- Quick roll-out of pilots in critical areas of shortage to build confidence and to learn and breaking down of functional barriers, giving employees wider exposure to functional roles.
- A combination of effective duration and appropriate method (job rotation, on-the-job training, mentoring, peer-to-peer learning, and specialist external providers).
- Clear communication of career paths, internal opportunity, incentive, and compensation.
- Shared Services/Enterprise Service Providers should consider the four following strategic steps to adapt their workforce to the future of work:
- Create a Long-Term Roadmap – Develop a comprehensive workforce strategy that addresses the work and skill that will be new, displaced, disrupted, and enduring in the future
- Design New Roles – Unlike traditional job redesign, in employee-centered job redesign the workforce plays an integral role in identifying what their jobs could look like in the future. The workforce’s input is critical in understanding what higher-value work they could be doing instead of their routine, repetitive work activities, and workers’ involvement helps them understand that their job is not being eliminated but that it is changing to focus on more strategic, value-add, and human work. Additionally, this supports workforce alignment to activities that employees are interested in and that utilize their strengths, thus achieving a higher-performing workforce.
- Train Workers for New Roles – Staff will be reskilled in essential human skills, such as decision making and influencing others as well as domain knowledge (e.g., accounts payable, human resource benefits), technical skills, and how to work with and optimize the digital technologies that are now part of their work. Many staff that was previously performing transactional activities such as data entry or error research will require new skills for their new work. In addition, the new work and workforce will bring new supervisory roles and managers will need to be trained on basic managerial and leadership skills as well as learn how to manage a blended human-technology workforce. The workforce will require new methods of training that enable them to build their knowledge and skills constantly by supporting the learning needs of the future of work.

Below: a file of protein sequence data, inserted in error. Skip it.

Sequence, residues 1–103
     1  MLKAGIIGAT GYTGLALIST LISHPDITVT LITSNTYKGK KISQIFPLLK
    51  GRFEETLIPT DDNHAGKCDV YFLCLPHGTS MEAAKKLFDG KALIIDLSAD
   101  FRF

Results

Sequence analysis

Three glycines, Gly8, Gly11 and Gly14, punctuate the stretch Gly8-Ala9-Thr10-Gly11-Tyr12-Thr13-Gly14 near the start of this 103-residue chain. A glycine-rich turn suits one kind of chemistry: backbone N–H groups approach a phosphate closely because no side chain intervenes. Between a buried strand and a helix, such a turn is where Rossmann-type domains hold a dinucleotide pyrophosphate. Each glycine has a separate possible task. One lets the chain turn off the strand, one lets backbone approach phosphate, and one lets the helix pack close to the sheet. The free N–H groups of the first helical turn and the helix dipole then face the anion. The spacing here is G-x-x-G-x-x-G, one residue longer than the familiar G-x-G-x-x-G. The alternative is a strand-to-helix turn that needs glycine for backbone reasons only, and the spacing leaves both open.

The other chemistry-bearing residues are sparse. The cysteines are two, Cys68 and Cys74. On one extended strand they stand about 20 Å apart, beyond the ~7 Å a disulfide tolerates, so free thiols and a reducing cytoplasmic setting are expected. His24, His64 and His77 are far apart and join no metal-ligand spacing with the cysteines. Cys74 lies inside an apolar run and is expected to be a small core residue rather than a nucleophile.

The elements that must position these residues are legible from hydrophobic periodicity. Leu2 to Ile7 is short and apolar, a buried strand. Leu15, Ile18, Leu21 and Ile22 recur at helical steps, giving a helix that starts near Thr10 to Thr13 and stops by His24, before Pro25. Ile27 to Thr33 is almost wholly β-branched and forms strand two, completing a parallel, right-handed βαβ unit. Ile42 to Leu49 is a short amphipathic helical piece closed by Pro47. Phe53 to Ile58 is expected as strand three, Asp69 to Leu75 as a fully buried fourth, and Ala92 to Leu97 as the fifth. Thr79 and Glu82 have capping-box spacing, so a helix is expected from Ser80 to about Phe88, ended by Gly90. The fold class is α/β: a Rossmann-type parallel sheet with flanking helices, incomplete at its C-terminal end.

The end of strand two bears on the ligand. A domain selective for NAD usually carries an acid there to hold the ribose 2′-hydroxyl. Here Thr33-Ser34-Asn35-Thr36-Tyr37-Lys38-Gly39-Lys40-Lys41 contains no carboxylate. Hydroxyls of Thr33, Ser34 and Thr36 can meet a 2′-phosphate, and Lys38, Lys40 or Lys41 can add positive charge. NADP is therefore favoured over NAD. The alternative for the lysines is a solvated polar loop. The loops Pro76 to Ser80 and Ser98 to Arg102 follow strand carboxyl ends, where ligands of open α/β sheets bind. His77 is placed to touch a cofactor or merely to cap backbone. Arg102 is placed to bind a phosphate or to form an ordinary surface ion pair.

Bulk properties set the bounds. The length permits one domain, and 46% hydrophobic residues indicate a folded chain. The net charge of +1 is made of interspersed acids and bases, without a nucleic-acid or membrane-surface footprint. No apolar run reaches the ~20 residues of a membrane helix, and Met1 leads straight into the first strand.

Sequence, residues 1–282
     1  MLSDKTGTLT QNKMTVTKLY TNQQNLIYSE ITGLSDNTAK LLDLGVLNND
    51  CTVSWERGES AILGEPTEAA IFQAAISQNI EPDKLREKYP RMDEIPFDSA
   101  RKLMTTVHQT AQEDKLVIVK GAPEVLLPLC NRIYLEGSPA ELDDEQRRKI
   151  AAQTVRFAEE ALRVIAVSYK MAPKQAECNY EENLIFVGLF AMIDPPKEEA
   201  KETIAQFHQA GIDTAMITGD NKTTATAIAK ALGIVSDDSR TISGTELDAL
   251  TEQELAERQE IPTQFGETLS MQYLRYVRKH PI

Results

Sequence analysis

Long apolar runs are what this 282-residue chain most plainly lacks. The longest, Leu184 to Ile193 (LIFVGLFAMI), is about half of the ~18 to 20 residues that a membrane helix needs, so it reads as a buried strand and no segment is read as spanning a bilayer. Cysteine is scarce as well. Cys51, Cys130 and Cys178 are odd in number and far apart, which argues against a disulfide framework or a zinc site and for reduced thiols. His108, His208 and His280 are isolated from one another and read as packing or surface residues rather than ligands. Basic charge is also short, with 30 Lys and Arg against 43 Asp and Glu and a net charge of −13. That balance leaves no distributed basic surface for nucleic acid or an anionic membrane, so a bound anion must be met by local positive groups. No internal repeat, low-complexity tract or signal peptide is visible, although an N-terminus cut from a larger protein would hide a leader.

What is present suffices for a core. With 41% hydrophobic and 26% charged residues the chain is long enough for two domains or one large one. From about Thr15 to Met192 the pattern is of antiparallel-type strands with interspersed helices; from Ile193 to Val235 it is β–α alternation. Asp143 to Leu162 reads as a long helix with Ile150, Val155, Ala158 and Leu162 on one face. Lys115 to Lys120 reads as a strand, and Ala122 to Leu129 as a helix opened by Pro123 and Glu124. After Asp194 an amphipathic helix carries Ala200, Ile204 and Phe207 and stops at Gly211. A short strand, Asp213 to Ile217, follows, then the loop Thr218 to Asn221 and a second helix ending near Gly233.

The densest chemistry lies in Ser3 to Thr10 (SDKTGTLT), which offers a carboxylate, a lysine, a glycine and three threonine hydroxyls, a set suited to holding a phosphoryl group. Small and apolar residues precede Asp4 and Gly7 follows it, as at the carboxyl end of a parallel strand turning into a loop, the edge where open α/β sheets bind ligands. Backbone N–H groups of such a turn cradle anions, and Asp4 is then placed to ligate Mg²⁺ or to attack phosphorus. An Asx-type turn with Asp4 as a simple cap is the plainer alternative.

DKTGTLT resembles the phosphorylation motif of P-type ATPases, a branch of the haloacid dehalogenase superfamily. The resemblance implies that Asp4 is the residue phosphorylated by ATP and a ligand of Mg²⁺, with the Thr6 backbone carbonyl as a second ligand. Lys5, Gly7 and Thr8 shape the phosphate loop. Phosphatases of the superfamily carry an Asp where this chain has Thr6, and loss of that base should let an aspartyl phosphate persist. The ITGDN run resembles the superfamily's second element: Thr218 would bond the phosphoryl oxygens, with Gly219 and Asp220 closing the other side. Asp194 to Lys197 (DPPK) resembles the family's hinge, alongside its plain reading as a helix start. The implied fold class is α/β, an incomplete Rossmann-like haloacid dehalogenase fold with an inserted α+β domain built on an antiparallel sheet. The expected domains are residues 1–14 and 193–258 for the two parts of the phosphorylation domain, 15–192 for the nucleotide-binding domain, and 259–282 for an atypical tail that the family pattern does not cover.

- Manage the Staff of the Future – Leaders will need to manage a blended workforce of human and digital workers. Human workers will need to be focused on problem-solving, providing customer support, and performing quality control for the results of digital workers. Additionally, human workers will be needed to apply their knowledge and skills in multiple areas, on a short-term basis, instead of a singular transactional area for an extended period of time. Much of the new work will require essential human skills as workers perform more knowledge-based and customer-facing services.
Could you share some of the transformations that you have undertaken in your current organization Esab ? What business benefit has this yielded?
2020 was certainly a break-through year for the GBS Chennai Team operating at the highest levels, delivering extraordinary outcomes and enabling new/enhanced capabilities as a Digital to effectively meet the Global SSC Engine Model Strategy as a Global Transaction Centre and An Automation/Digital Center of Excellence (CoE) thereby enabling us to move up the maturity curve offering both strategic and value-added services within a unified framework to all our partnering organizations and the rest of the enterprise improving its top-line performance.
- Robotics Process Automation Initiative – RPA journey launched partnering with UiPath through a POC, In-house Pilot and E2E Implementation across Master Data Management process with an overall Savings achieved being 6x ROI in 9 months.
- Workforce Management Solution – Introduced Prohance as a GBS Operations Management Platform with actionable analytics reporting which provided real-time visibility achieving 10x ROI plus annual savings of $7K thru Asset Optimization tracking Inventory usage
- Operationalizing Data Analytics – Setup Enterprise Analytics Services providing Operational Insights, Realtime data visualizations & standardized dashboards to Finance & Sourcing Org’s
- Data Mining – Engaged Celonis to help us look at our E2E processes across SSC while it can also seamlessly integrate with RPA (UIP) to help identify opportunities to automate upstream while downstream it can also monitor RPA Implementation making sure it is on track.
- BPM & OCR – Introducing OCR (Abby) & BPM solutions to eliminate Paper-based processing and to streamline existing workflow across all processes to ensure increased accuracy, improved SLA/TAT and Incremental productivity savings